“They surely would’ve perished too,” Lawrence said bitterly. “Even if I had been there too, our chances would’ve been slim. They set the city ablaze. If the undead didn’t kill them, the fire or smoke would’ve.”
“And, if the stories are to be believed, Karak-Harth’s strength was so great he could wound Saint Themis, even with her divine protection and abilities,” Isabella said. “If we were to try and fight someone like that who has a large army at their back, the Paladins would surely lose.”
“And what in Themis’s name are our chances now?” Christoph mumbled, his head in his hands. “Half a million, that’s what the scouts say. Half a damn million. We can’t beat that.”
“Not alone, at least,” Arieon said, turning to face the others. “If we add in the might of the Holy Legion and the Paladins, the adventurers and the Trú Elves, then we might just stand a chance.”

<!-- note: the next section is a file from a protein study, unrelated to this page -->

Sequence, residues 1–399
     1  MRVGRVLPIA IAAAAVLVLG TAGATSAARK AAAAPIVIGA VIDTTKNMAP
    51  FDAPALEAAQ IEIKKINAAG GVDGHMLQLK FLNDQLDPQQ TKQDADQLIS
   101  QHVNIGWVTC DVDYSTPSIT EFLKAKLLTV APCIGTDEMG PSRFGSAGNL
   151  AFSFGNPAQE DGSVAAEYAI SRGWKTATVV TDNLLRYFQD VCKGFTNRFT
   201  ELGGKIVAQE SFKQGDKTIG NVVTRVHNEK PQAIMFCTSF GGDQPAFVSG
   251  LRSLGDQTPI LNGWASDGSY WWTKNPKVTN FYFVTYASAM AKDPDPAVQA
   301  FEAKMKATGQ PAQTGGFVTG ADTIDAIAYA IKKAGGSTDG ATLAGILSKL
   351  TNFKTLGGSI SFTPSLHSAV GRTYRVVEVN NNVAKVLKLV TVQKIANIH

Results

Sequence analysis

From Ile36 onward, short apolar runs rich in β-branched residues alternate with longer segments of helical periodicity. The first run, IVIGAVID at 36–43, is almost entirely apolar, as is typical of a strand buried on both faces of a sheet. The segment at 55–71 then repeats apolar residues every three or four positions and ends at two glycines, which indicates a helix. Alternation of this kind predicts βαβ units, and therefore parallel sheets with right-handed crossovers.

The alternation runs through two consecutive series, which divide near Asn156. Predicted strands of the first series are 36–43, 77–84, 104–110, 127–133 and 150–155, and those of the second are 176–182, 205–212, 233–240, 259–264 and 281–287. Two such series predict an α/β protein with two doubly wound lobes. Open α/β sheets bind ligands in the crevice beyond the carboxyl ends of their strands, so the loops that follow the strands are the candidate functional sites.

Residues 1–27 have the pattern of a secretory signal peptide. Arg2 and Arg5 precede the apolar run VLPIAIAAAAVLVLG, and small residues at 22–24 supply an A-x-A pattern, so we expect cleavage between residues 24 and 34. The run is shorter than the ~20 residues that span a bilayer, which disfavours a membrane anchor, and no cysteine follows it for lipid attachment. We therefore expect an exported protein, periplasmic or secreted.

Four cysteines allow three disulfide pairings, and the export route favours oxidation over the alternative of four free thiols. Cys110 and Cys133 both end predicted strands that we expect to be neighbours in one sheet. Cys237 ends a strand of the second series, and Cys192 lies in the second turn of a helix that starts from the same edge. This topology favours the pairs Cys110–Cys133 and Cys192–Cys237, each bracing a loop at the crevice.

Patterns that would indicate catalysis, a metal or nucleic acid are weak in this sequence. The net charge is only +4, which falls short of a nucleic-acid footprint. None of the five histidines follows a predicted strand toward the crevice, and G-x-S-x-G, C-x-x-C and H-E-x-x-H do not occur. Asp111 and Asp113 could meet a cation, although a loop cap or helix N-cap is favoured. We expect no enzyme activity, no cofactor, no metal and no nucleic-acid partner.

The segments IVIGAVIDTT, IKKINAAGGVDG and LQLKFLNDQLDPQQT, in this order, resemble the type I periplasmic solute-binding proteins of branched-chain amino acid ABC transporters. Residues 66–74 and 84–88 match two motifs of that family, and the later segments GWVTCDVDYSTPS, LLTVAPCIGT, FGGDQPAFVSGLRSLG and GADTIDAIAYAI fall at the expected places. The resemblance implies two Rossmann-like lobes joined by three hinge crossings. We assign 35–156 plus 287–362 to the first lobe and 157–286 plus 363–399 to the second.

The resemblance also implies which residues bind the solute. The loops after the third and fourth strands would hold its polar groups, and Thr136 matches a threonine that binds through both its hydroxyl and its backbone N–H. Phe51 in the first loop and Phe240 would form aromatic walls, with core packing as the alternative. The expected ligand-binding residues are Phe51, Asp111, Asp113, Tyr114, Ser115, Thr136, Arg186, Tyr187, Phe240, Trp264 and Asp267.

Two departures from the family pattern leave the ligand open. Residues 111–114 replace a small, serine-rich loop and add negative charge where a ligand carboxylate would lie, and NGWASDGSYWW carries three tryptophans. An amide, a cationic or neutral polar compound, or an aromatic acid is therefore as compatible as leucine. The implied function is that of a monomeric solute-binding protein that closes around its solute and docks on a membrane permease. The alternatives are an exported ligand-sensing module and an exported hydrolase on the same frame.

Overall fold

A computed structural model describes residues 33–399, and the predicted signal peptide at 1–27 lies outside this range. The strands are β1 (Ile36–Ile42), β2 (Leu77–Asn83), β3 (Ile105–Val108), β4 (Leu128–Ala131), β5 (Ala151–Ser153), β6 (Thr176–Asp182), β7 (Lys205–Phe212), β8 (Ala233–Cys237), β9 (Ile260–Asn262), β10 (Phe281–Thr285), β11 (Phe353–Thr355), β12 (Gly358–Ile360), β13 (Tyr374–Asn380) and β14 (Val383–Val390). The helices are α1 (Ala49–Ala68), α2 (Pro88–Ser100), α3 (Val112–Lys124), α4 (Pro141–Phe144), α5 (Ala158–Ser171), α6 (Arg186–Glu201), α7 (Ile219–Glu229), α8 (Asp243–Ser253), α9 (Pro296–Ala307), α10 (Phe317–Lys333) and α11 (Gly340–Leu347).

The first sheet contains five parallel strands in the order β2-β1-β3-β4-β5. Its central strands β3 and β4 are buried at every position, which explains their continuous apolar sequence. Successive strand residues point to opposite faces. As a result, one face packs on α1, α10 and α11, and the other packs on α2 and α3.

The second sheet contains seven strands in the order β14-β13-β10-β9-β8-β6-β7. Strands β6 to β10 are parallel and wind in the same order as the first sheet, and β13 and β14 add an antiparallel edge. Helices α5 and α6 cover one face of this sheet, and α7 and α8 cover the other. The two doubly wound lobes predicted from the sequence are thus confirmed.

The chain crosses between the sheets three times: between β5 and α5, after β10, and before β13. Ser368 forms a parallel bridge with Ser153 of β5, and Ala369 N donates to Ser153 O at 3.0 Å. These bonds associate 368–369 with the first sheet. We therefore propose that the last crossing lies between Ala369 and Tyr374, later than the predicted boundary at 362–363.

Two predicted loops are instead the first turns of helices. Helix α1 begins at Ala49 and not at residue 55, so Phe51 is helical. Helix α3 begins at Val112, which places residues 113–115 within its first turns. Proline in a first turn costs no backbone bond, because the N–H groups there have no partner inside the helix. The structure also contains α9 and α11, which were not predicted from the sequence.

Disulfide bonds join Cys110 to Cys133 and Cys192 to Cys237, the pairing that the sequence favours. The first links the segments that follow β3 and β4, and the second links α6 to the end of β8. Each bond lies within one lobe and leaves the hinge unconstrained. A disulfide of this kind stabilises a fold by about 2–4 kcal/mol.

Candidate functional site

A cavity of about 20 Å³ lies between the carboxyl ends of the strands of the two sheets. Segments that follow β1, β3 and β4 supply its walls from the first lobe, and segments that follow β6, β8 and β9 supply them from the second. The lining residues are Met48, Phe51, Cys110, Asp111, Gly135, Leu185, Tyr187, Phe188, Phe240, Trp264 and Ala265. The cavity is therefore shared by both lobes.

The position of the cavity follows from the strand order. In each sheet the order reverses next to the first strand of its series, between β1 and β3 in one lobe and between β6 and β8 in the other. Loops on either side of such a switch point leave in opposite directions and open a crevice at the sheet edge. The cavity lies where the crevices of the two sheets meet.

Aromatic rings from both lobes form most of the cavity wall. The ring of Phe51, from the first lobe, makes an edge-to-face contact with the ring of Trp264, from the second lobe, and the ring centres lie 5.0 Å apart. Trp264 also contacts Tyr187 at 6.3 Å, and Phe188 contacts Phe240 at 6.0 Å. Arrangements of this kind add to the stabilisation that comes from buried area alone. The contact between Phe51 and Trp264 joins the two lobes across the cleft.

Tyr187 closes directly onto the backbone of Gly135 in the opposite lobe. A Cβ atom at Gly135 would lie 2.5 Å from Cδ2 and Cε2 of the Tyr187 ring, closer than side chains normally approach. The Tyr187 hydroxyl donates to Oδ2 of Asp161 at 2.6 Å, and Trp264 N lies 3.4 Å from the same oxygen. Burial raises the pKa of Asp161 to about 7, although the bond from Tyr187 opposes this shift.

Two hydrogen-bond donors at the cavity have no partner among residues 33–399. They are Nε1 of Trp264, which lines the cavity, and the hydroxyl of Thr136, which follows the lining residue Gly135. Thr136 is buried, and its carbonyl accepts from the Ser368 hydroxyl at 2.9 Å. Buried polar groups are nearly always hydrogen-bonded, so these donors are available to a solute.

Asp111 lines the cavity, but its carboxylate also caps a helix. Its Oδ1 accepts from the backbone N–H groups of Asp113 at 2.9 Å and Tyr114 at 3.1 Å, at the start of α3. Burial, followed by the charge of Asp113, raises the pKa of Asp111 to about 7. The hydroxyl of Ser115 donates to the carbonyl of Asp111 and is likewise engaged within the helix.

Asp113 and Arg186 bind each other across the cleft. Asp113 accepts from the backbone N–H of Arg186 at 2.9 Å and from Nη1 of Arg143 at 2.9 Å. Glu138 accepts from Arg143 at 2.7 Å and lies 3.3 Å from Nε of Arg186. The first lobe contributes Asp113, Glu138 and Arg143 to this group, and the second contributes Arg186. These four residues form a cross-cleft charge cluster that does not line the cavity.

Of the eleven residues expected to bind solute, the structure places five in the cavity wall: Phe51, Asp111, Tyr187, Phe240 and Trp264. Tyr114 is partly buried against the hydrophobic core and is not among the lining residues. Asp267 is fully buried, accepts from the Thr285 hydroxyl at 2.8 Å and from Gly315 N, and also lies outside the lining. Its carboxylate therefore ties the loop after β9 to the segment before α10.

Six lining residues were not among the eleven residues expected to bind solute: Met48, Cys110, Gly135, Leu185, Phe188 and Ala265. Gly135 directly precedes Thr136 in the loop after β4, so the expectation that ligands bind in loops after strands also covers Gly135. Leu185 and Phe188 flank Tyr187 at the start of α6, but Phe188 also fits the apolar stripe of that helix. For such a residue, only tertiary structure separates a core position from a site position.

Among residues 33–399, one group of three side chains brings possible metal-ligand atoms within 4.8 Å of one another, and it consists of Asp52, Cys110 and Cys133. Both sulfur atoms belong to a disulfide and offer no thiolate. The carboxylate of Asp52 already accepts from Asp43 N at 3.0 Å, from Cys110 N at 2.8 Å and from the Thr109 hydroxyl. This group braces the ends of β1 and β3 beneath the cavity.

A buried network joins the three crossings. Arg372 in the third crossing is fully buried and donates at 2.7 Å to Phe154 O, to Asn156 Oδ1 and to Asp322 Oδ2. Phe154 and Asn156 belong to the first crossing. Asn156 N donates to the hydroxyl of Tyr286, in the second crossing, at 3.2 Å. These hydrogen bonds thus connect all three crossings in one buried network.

“Isn’t that reassuring?” Kella asked which made Dante chuckle bitterly. “The Emperor’s going to call all the banners to the capital, isn’t he?”
“Most likely,” Arieon said. “If there’s one place that Karak-Harth would absolutely want to destroy, it’d be the city named after his old enemy. We’re only a few days away; we could go there and help them organise the defence.”
“What about Paladin’s Place?” Christoph asked. “It’s right between Teriscant and Themis, and they will surely perish without aid.”
“…Paladin’s Place is too close to the enemy to make it a good place to fortify and make our stand,” Lawrence said. “We’ll have to abandon it.”
“B-but, my lord!” Christoph leapt out of his chair, his eyes beginning to water. “The castle is there as-as…” He bit his lip. “As is my wife.”